Sugar Withdrawal

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Sugar withdrawal is marked by sugar cravings. Sometimes these cravings are the only aspect of withdrawal that we're consciously aware of. At other times, the headaches and distress of sugar withdrawal are about as subtle as a flying mallet.

Refined sugar addiction is a real physiological addiction (more on my experience with sugar addiction ), because an attempt to stop eating sugar causes real physiological withdrawal.

Symptoms can include: nervousness, depression, exhaustion, near-stupor, headaches, and, of course, intense cravings. If you feel some combination of these with the desire for sugar: you are in sugar withdrawal.

"I just feel like I need something now," I might think. "I'd really like a candy bar...I can't stop thinking about it...I'm so tired, I know it would wake me up...I'm just about out of steam...I've got to have that candy bar..."

In these thoughts, you see the tiredness that seems to demand sugar, the jittery nervousness of withdrawal, and the persistence behind the cravings. These are thoughts I'd never have about plain food, or about any substance that I wasn't addicted to!

One way to prevent sugar withdrawal is to continue the addiction—that's what we do subconsciously: by eating small amounts of sugar frequently all day long, by binging, by uncomfortable combinations of the two, or even through elaborate rules that try to keep the addiction within limits.

Any continuation of the addiction is both a constant struggle and bound to fail.

Ending The Addiction

The long term solution is to end the addiction. Healthy foods will help to end the addiction (described in Breaking Sugar Addiction), and ultimately pursuing a sugar free diet helps.


It is usually wise to taper off from refined sugar rather than to go "cold turkey." Unbearable withdrawal and cravings is counterproductive. (There are, however, health resorts that will help change your diet overnight.)

The first things to taper could be the obvious, and perhaps one at a time:

  • Soda pop (both regular and diet)
  • Chocolate
  • Candy
  • Cookies
  • Ice cream
  • Bakery

Don't keep these items around the house. Make each purchase a conscious decision for immediate consumption.

Remind yourself that money spent on these foods is worse than wasted: it is money spent harming yourself. Reward yourself for not buying sugary foods.

Related Addictions

Related addictions provoke sugar addiction and affect your ability to stay out of sugar withdrawal.

People with health challenges may need or want to cut everything at once; most people can try eliminating one addiction at a time and each may require its own tapering.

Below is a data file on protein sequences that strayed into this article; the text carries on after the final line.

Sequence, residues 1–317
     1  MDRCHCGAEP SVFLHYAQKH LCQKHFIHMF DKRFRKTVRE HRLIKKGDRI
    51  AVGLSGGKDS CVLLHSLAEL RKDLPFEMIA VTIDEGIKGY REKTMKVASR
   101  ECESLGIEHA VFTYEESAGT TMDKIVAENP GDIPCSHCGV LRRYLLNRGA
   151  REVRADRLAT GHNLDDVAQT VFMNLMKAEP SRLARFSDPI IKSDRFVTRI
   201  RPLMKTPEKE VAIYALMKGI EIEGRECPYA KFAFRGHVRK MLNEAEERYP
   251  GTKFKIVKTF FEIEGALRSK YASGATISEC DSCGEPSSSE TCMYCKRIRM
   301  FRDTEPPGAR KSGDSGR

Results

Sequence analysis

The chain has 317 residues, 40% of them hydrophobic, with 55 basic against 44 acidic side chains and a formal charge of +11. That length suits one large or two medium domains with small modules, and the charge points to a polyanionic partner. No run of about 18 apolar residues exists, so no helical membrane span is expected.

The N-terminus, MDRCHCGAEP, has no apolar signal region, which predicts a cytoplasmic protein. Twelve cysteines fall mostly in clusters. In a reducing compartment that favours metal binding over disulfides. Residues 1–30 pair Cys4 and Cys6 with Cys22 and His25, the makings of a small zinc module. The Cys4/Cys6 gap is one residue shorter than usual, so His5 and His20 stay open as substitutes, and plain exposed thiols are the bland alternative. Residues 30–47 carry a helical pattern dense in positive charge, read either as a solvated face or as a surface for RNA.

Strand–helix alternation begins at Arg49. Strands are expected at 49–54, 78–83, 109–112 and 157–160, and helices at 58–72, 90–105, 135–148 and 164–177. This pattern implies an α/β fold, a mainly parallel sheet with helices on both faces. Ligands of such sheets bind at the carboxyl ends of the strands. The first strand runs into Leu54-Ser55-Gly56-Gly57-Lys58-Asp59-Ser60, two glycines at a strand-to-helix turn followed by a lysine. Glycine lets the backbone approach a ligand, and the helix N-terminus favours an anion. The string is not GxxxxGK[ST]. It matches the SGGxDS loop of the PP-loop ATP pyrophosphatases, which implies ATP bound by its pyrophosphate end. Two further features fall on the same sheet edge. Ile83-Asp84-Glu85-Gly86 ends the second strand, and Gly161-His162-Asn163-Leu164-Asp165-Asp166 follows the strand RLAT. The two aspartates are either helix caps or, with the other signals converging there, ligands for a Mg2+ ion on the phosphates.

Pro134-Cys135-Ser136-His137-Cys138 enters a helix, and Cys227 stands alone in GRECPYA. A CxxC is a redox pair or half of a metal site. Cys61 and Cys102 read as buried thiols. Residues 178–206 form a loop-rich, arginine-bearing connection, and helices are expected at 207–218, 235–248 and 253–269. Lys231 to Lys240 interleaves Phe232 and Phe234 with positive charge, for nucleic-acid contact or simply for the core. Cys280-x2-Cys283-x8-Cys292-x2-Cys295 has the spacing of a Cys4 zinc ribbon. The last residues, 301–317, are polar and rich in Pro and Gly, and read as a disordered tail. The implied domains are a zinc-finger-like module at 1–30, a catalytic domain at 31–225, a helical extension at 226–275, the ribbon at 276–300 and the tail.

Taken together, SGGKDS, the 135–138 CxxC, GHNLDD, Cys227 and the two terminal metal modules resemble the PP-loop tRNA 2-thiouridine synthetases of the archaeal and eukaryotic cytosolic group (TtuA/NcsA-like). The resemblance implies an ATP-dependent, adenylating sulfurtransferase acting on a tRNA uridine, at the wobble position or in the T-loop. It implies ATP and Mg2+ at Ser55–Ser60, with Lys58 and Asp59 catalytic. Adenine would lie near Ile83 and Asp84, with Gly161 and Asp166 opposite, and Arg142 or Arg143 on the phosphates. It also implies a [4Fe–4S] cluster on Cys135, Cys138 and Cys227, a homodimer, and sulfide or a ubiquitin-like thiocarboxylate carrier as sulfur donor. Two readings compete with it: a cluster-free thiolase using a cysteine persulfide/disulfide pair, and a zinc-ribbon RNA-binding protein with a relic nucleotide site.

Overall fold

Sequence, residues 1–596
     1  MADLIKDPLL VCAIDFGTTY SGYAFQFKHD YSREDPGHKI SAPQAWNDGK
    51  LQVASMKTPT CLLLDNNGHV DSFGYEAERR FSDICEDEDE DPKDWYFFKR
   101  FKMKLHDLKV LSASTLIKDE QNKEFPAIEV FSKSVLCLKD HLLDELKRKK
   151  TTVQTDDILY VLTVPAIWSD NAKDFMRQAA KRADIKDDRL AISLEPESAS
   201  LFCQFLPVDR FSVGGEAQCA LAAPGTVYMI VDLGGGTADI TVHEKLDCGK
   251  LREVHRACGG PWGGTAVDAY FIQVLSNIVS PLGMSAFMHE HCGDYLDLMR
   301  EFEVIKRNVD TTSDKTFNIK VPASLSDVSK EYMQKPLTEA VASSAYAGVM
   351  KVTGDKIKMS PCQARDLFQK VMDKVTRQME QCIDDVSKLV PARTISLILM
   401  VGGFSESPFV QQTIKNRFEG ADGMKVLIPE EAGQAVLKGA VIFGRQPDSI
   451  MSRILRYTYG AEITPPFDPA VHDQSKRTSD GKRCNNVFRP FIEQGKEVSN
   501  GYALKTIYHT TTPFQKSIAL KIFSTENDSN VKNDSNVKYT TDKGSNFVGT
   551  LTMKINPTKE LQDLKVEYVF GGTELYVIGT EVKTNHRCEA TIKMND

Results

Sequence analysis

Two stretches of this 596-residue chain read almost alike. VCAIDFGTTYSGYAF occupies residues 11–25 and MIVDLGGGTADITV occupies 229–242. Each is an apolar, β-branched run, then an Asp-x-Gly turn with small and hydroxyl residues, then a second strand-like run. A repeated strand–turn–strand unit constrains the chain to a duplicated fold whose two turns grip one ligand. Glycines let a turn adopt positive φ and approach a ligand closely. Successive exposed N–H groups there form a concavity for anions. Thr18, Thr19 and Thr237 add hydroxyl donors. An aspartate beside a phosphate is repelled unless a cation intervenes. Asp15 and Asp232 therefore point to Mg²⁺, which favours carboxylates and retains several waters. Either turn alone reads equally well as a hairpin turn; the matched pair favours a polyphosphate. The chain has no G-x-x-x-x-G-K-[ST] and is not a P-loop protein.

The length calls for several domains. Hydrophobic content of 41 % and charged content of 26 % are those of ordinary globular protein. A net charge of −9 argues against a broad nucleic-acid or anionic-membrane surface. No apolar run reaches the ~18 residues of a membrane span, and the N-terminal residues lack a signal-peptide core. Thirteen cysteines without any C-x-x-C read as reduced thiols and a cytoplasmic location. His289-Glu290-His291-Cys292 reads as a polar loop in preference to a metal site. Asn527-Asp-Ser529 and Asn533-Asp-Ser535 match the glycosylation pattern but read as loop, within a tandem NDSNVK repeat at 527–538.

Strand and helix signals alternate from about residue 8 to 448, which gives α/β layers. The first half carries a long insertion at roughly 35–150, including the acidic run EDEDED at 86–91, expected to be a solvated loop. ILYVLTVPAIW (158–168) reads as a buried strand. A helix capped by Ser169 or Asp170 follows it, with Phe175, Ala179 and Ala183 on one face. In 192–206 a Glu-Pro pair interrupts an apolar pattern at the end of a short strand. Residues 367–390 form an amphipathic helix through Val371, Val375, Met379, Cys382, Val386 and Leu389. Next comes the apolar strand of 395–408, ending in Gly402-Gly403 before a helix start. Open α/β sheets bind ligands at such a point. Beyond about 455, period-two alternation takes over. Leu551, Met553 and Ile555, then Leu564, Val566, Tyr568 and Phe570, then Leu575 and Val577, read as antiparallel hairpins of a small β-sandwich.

1. The artificial sweeteners in diet soda and other foods provoke and prolong sugar addiction and have additional side effects of their own.

Aspartame is associated with headaches, vision problems, seizures, and many other serious symptoms, as shown by many thousands of complaints to the FDA. Approximately 80% of all consumer complaints to the FDA concern aspartame! It is addictive with its own potentially dangerous withdrawal symptoms.

It is likely that all of the artificial sweeteners are harmful. They are addictive and have been shown to increase appetite.

2. You rarely see chocolate without sugar accompanying it as an ingredient. I think everyone has the experience of mood altered by chocolate. It is also addictive.

3. Caffeine is similar in effects to sugar, but more so, and is profoundly addictive.

4. Which foods do you know make you ill? Foods that give you headaches, sleepiness, nausea, stomach aches, or diarrhea stress your body to the point that it will demand sugar.

Common problem foods are: dairy foods, wheat gluten, and nightshade vegetables (potatoes, tomatoes, green peppers, and chili peppers). These foods can be addictive. Notoriously: milk, cheese, ice cream, pizza, bread, pasta, Mexican food, jalapenos, and french fries all lend themselves to addictive eating.

5. Alcoholism is a dangerous addiction beyond the scope of this article. However, alcohol is a refined product, even more poisonous than sugar, that like sugar has no nutritional value. It seems to serve in some as interchangeable with sugary foods.

Breaking Sugar Addiction
How to: add foods to your diet that will help end the addiction and that will not provoke the addiction.

Sugar Free Diet
How to: identify sugar and sugar substitutes.

Return from Sugar Withdrawal to Sugar Addiction

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